Sometimes, the conference chooses you! It is not rare to receive a CFP (call for papers) that matches one’s doctoral project. It is then a good opportunity to make a name for yourself among the community of scholars in your field. In any event, before sending a paper proposal, I believe that a PG student should always consider how the conference will fit into his/her agenda. If it is leading you too far from the immediate demands of the dissertation, then make sure that it won’t put you in a delicate situation in terms of timing. Ideally, the closer you get to your submission deadline, the more you should prioritise papers that will directly feed your dissertation.

I find sticking to a twenty-minute limit a real challenge. We hold our topics close to our heart and spend a lot of time researching the field, so it can be tough. How do you deal with this challenge?

Ah… Quite badly in fact! I generally write an over-large first draft of my papers, and then spend the days and hours before it is my time to speak shortening my whole argument (with a huge dose of frustration generated in the process). But then I remember that: (1) it was not a waste of time, as I will use my over-detailed draft for a later publication; (2) my audience was probably very thankful that I did not enter into too much detail that would have made my paper hard to follow. A conference paper is a subtle exercise of communication, so a short but well organised argument will convey your point in the most efficient manner.

What is the most defining characteristic that sets a conference paper apart from other scholarly ‘outputs’, such as an essay or article?

Again, a conference paper is an oral performance, during which footnotes and lengthy sentences will not help you make your point. At the utmost, projected slides, if they are well done, will assist. Besides, we do not read in the same way that we listen. Have you ever heard someone reading out loud something that was clearly meant as a written piece of rhetoric? It is a very painful experience!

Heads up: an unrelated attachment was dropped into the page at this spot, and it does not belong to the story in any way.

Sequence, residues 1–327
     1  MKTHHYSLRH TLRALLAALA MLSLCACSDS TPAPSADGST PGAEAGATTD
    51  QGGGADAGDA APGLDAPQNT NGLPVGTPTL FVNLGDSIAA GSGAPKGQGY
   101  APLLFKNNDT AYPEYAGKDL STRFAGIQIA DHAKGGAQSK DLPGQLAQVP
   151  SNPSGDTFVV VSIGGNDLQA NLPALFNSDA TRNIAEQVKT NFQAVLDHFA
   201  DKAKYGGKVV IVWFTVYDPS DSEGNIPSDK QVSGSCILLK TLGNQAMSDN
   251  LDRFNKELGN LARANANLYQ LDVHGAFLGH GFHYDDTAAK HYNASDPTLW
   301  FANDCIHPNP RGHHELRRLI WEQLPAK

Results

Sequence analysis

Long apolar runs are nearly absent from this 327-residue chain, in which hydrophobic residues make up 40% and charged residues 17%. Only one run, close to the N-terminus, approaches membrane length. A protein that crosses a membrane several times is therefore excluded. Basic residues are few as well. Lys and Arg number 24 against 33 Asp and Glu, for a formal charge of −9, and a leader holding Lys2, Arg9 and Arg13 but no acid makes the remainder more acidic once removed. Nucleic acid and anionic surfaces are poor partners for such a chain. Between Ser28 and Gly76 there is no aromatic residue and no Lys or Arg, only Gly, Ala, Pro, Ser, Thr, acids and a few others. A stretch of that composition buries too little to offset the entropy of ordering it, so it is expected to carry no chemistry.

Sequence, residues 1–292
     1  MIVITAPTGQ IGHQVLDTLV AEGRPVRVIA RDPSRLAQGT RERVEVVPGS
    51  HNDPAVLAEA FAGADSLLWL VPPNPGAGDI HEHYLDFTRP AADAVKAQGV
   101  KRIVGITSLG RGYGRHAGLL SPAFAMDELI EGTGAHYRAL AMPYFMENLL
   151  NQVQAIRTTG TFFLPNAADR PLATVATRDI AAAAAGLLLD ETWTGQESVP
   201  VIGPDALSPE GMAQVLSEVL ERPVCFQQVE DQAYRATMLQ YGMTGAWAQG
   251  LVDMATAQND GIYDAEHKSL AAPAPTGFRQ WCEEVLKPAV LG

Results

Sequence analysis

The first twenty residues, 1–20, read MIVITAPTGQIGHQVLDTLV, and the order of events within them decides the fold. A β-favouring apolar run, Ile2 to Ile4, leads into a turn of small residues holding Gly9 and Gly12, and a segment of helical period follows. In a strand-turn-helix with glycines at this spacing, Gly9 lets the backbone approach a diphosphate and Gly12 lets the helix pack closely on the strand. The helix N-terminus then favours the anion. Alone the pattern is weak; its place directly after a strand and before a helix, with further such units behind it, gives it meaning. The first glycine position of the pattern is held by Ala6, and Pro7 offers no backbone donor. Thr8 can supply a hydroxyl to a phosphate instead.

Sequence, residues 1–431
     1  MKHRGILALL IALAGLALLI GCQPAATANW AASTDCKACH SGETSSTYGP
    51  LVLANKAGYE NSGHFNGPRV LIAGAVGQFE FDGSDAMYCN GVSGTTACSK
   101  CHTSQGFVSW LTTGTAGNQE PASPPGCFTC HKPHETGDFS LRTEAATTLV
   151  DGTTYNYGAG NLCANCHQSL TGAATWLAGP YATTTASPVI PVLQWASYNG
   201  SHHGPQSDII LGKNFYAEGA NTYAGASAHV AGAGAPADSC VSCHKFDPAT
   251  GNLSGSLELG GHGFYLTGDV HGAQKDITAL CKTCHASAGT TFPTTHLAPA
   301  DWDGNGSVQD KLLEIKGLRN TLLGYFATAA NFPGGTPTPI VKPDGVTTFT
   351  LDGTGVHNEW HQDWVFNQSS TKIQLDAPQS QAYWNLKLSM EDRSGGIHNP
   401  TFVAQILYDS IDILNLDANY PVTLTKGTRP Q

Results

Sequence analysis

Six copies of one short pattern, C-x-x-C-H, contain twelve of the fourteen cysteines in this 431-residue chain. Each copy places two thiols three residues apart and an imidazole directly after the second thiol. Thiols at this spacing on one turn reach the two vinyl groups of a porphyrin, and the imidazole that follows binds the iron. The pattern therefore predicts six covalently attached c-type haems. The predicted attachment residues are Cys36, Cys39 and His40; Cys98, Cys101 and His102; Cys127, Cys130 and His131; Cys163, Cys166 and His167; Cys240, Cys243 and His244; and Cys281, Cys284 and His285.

Medieval Spain is your specialisation and you’re about to teach an undergraduate unit, ‘Reconquest: A History of Medieval Spain’. What does this particular history of medieval Spain offer the the discipline more broadly? Why is it important/intriguing, not just to Iberianists, but historians generally? Has scholarship on intercultural relations in medieval Spain offered methodologies and frameworks for other histories of intercultural/interfaith relations?

The main theme of the Leeds IMC this year was ‘Otherness’, and the conference you and I attended in Ghent dealt with ‘Emotions, imaginations, and communities in the medieval Mediterranean’. In both cases, the medieval Iberian Peninsula represents a particularly rich domain of investigation, with its multi-faith and multi-linguistic communities. It is actually quite interesting to observe that, decades ago, the Iberian Peninsula was for most medievalists a periphery of Christendom and a guarantee of exoticism. Nowadays, it is rather considered a centre of interculturality and a case study to measure changes in historiographical practices. This is partly what I aim to convey to students in my course on medieval Spain. It is actually called ‘Reconquest? A History of Medieval Spain’. The question mark is very important, as the notion of Reconquest is highly problematic, though commonly used. After all, it expresses none other than a Christian point of view that makes the Islamic history of Spain a deplorable parenthesis. In the unit, we study the origins of that notion of ‘Reconquest’, and how it was a construct of Spanish nineteenth-century national-catholicism. We also examine the tensions that the debates surrounding the notion generated all through the twentieth century, and the social and academic anxieties that its use still reveals today.

What project are you working on at the moment?

When I first started to investigate the history of the past in my Honours year, I wanted to work on the relationship between Christendom and Islam through the specific prism of multicultural Spain. My PhD dissertation then led me quite far from this project, and I wish now to make it the centre of my attention, with research focused on perceptions of the Islamic world by Christians Spaniards.
By examining how the Islamic world was depicted, named, and utilised in Christian Spanish documents of the early to high Middle Ages (9th-13th c.), the idea is to decentre traditional approaches to the field, which have privileged religious perspectives at the expense of polities, geopolitics, and history. The paper I presented in Ghent was directly linked to this project.